Tamar, whose story is embedded in the ancestor narratives of Genesis, is the ancestress of much of the tribe of Judah and, in particular, of the house of David.
The Rabbis spare no criticism of Judah and his sons, pointing out the sins that were responsible for their bitter fate, but they display a different attitude toward Tamar. Although her behavior could be interpreted as an act of sexual licentiousness and wantonness, the midrashim defend Tamar and praise her.
Generally speaking, the more regular the mechanism of inclusive interpretation, the clearer it is that woman remains outside as the “other” because she requires a special reason to be included. In other words, rather than rendering women an integral part of the population, inclusion renders them as adjuncts, unique unto themselves.
Contributing to the dissemination of classical and archaeological works, Tanzer well fulfilled the rigorous requirements of scholar and teacher.
Helen Brooke Taussig was one of the most celebrated physicians of the twentieth century. Through her research and teaching she was a leader in the development of the medical specialty of pediatric cardiology.
A self-proclaimed “torchbearer for matrix theory,” Olga Taussky-Todd made the previously little-known field essential for scientists and mathematicians.
Sydney Taylor created a fictional family of such endearing character and loving spirit that her young readers clamored for more titles. The values of family love, charity, wisdom, compassion, and social justice that define Taylor’s All-of-a-Kind Family owe their particular flavor to Jewish culture.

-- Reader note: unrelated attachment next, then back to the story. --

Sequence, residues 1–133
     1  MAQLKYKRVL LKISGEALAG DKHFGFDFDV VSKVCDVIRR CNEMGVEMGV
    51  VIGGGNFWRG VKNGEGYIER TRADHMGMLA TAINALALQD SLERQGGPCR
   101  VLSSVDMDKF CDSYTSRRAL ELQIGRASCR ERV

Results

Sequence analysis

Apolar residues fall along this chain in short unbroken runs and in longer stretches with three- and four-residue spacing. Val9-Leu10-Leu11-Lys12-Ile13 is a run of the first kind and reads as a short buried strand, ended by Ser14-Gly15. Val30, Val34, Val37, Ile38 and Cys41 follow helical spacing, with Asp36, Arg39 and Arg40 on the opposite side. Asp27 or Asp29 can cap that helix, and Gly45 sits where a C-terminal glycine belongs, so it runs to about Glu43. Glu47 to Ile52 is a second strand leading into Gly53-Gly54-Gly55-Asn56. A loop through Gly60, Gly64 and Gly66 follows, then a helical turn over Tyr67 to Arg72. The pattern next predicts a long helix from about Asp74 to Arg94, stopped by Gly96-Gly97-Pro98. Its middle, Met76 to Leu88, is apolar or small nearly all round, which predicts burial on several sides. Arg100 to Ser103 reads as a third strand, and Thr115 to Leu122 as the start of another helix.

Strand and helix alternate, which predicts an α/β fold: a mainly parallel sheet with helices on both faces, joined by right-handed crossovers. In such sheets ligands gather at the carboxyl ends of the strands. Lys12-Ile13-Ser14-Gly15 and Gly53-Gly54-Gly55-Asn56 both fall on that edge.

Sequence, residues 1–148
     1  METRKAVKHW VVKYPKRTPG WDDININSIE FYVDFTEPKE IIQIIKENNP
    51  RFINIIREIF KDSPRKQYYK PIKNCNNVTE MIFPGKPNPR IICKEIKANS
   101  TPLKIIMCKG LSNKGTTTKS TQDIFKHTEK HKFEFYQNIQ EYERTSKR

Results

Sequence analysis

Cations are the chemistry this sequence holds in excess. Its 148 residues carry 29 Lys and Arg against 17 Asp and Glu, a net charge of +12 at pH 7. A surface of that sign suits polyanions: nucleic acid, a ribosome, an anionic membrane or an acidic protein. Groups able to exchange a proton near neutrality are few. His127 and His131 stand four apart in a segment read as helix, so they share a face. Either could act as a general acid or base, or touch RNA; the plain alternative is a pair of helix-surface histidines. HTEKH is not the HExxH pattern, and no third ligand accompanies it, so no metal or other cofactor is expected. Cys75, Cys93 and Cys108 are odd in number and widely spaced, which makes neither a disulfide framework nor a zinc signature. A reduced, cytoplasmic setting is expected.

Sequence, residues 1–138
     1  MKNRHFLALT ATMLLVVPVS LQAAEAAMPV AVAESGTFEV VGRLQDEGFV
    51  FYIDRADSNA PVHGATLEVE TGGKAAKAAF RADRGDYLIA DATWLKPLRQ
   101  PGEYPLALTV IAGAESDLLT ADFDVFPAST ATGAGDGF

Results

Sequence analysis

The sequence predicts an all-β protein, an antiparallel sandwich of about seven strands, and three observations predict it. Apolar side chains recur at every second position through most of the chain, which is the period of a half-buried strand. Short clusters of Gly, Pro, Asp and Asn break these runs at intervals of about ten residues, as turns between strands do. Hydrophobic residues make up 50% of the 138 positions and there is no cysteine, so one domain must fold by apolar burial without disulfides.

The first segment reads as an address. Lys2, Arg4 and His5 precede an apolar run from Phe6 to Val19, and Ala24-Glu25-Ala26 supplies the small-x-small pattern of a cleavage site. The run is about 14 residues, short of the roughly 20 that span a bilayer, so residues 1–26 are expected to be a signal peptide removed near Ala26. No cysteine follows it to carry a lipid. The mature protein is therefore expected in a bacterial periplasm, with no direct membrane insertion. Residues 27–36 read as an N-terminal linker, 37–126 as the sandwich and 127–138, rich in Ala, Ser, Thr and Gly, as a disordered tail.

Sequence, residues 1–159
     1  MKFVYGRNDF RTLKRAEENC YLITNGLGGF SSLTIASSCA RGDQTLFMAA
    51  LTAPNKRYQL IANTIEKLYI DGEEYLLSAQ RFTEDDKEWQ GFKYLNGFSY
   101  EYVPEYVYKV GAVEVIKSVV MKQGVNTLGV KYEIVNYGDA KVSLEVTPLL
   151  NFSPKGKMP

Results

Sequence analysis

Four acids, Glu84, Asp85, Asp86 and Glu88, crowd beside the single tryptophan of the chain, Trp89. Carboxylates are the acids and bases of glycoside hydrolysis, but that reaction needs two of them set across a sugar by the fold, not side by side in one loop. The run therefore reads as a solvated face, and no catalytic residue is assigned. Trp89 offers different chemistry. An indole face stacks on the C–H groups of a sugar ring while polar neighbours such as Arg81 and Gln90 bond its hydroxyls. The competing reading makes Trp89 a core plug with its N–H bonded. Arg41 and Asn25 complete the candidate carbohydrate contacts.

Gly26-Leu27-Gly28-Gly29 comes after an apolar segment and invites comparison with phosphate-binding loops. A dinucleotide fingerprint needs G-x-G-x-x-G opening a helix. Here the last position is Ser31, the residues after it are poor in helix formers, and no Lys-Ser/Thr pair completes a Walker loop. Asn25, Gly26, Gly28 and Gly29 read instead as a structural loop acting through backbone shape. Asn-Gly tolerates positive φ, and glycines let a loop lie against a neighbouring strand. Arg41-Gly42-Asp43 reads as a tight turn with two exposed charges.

Julie Taymor's years of work in theater, opera, film and television and her frequent use of masks and puppets, as well as Asian forms, won her a 1997 Tony Award for The Lion King—the first "Directing" Tony given to a woman in the fifty-year history of the Awards.
Through Jewish educational organizations, Jewish schools, and public schools, female Jewish teachers have played an important role in shaping the North American teaching profession. Over the last 150 years, American Jewish women have been drawn to teaching in both public and Jewish schools by a multitude of factors.
Nechama Tec's sociological work, informed by her experience as a Holocaust survivor, addresses the silences and inaccuracies surrounding the Holocaust and reveals untold stories of righteousness and rescue.
When Faige Teitelbaum married Satmar rebbe Rabbi Joel Teitelbaum in 1936, she became the Satmar rebbetzin, in which capacity she was very active in charitable activities. After her husband’s death, she became the only woman in the Hasidic world to function as a de facto rebbe and leader.
Jewish women have had a long-standing, complex, often fraught relation to American television. They have had to battle a male-dominated production system and sexist stereotypes, but also have seen significant advances, in front of and behind the screen, resulting from the cable and streaming revolutions and third-wave feminist activism.
Biologist Estera (Esther) Tenenbaum, who began her career in Germany, became prominent in cell and virus research after her enforced departure into exile.